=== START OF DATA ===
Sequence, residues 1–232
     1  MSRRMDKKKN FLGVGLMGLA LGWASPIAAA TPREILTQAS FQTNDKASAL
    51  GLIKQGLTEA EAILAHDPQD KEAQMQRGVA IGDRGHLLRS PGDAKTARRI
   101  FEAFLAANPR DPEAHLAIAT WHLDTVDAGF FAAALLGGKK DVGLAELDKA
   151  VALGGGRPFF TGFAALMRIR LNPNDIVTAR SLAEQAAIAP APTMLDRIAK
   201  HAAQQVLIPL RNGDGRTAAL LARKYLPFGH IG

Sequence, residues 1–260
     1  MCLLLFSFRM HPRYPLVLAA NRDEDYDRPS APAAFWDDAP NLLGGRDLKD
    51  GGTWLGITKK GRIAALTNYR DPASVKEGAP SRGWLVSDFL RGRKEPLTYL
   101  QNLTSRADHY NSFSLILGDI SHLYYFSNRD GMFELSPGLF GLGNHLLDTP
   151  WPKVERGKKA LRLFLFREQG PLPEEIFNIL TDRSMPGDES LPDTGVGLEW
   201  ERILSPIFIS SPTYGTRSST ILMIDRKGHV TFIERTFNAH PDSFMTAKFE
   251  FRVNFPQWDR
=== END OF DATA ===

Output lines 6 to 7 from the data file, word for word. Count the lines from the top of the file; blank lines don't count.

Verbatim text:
   201  HAAQQVLIPL RNGDGRTAAL LARKYLPFGH IG

Sequence, residues 1–260